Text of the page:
The Guardian experiments with a robot-generated newspaper with The Long Good Read. Guardian developer Dan Catt made a script running on Google App Engine that calls the Guardian’s API for each new item it sees to find out more about it. It rejects things like Galleries, Podcasts, Videos and such like right away. It also gets rid of the “Live Blogs” at this stage. Then does a word count rejecting anything under 1,000 words. Any article that gets past those filters would get queued and blogged.
The technology was then paired up with semi-automated on-demand printing technology from The Newspaper Club to create layouts ready for print. Tom Taylor, who automated the process was interviewed:
It’s a human-robot workflow that makes putting together a customized newspaper a quick process. The Long Good Read is sent to the printer on Friday and delivered fresh on Monday, Taylor said. “It becomes possible to make a paper in an hour that you can put in a coffee shop and have 500 copies.”
Listen To Wikipedia by Hatnote is an audible/ generative sound visualisation of changes being made to Wikipedia. Its worth noting that Wikipedia is maintained by both bots and humans, and its only through these web experiments that we can see or hear that labour force.
Machine-readable socks by XOAB
In pursuit of comfortable and colourful socks, start-up XOAB created an algorithm that automates the once manual job of translating an image into a sock stitch pattern. By hand, the translation would be take days and usually result in a simplification of the image and a sock full of ‘floats’, the loose ends that make socks itchy. The algorithm removes all floats and can calculate much more complex combinations of colours. The algorithm also adds to the weave pattern a machine-readable barcode that embeds that particular sock with metadata, such as its production model, unique size parameters, date of manufacture and origin.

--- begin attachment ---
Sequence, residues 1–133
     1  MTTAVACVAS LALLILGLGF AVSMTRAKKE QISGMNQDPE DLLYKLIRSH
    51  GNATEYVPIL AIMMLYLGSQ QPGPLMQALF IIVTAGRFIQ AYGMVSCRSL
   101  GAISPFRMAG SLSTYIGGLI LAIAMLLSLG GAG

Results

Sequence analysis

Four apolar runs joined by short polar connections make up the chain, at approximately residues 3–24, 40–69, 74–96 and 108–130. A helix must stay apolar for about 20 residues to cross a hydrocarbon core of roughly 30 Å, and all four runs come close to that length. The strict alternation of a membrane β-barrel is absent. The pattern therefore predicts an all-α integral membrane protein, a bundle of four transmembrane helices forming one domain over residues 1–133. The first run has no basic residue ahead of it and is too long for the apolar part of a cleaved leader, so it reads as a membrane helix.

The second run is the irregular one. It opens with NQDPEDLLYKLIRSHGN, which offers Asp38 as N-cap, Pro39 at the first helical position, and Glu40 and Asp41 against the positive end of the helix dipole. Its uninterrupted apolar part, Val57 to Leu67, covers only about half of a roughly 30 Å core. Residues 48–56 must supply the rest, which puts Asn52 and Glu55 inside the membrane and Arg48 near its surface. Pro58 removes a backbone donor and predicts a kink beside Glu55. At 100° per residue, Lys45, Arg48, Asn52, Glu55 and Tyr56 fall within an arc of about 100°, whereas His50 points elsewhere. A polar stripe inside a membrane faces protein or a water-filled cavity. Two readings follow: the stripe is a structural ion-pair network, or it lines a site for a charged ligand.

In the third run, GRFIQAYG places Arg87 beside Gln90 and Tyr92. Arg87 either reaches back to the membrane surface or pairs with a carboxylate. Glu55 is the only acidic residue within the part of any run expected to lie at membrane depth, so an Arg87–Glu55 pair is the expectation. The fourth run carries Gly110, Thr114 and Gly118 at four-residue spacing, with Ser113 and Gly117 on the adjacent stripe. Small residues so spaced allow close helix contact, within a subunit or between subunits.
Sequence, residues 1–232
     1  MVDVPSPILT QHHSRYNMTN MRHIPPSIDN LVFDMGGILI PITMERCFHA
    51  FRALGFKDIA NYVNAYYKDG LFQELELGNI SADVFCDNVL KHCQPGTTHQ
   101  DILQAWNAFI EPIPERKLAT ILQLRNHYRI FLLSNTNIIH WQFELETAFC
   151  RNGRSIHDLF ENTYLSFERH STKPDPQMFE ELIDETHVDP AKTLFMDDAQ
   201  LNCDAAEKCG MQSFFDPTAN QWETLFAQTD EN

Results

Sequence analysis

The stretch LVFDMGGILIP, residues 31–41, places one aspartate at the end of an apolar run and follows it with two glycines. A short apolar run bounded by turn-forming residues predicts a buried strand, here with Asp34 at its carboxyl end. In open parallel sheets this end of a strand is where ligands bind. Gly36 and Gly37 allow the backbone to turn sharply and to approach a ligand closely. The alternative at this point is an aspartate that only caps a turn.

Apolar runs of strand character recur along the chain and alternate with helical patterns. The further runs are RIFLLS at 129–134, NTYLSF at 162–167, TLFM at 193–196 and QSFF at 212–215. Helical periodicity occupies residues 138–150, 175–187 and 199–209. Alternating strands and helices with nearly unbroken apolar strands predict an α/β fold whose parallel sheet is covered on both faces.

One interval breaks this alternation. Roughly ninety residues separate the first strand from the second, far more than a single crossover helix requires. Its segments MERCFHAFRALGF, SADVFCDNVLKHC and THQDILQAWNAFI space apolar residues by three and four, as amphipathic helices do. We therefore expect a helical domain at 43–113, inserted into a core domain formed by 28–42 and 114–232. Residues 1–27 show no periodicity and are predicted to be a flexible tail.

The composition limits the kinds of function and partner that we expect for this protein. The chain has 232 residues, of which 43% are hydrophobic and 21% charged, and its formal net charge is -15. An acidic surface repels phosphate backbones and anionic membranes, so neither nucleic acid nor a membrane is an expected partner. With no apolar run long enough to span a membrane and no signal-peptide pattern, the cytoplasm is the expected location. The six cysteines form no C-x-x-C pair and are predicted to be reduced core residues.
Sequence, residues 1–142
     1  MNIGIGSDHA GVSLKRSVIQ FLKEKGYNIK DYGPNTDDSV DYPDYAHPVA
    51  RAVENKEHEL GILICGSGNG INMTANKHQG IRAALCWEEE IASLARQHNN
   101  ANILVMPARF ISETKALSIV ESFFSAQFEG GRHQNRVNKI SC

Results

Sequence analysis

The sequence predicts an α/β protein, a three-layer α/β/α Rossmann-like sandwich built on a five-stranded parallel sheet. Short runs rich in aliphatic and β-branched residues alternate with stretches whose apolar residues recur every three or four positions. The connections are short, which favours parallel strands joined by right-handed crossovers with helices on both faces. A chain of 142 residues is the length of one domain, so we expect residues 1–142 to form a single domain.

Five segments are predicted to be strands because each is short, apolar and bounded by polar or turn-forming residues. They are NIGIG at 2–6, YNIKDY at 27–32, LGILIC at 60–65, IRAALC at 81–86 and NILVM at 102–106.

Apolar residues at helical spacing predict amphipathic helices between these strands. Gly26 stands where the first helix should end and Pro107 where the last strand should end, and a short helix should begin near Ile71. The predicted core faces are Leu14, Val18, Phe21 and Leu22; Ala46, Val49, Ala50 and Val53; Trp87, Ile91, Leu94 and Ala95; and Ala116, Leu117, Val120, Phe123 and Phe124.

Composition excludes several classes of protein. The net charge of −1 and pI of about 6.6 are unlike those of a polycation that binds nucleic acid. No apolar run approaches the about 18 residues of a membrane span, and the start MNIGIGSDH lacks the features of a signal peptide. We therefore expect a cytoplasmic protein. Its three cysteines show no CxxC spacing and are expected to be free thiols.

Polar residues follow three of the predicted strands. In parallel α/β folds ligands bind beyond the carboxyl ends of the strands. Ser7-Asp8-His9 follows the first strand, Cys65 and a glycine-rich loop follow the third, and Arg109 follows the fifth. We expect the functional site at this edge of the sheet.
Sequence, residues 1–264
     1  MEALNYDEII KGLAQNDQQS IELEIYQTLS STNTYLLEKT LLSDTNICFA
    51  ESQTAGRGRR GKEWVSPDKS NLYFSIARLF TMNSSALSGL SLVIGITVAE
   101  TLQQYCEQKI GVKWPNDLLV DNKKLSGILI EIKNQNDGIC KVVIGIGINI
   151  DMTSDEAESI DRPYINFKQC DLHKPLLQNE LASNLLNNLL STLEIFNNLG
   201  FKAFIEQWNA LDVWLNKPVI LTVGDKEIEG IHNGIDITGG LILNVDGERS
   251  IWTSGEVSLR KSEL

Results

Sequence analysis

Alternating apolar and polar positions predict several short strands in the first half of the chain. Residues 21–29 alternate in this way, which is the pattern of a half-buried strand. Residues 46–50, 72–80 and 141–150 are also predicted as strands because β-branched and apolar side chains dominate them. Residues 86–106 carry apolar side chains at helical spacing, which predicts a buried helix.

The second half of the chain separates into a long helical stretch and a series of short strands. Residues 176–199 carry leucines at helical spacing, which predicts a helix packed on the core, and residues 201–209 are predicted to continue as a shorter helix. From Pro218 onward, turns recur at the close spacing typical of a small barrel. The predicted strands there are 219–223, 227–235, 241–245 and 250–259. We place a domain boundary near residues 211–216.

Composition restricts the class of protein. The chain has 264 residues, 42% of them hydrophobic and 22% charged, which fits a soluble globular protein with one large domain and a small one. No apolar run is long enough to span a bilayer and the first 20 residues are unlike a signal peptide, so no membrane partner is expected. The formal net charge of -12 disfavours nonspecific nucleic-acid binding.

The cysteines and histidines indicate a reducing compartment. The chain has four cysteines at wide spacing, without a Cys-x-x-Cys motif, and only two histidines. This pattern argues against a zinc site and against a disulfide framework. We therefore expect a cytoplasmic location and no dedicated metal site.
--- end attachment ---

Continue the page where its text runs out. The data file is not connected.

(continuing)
Nonfacial Mirror, 2013 by Shinseungback Kimyonghun is an ordinary household facial mirror that avoids looking at faces by using facial detection software and a servo to face away from the viewer.
GE’s $100,000 prize contest to create an algorithm that will optimise flight plans by crunching data on weather, air traffic, delays, fuel consumption and so on.
Imagine if the pilot could augment their decision-making process with “real time business intelligence” — information available in the cockpit that would allow them to make adjustments to their flight patterns.
Mónica first ran a script to probe the restaurant’s online reservation service for new availability and noticed that space became available at 4am but would be fully booked again by 4.01am. He deduced that at this speed the reservations were being processed by bots.
He then proceeded to write his own bot to compete in what he calls a Bot War Arms Race, similar to the bot wars in High Frequency Trading. He has made the source code available and explains:
I used mechanize to create a simple ruby script that goes through the process of checking for available reservations (in a given time range) and making a reservation under your name.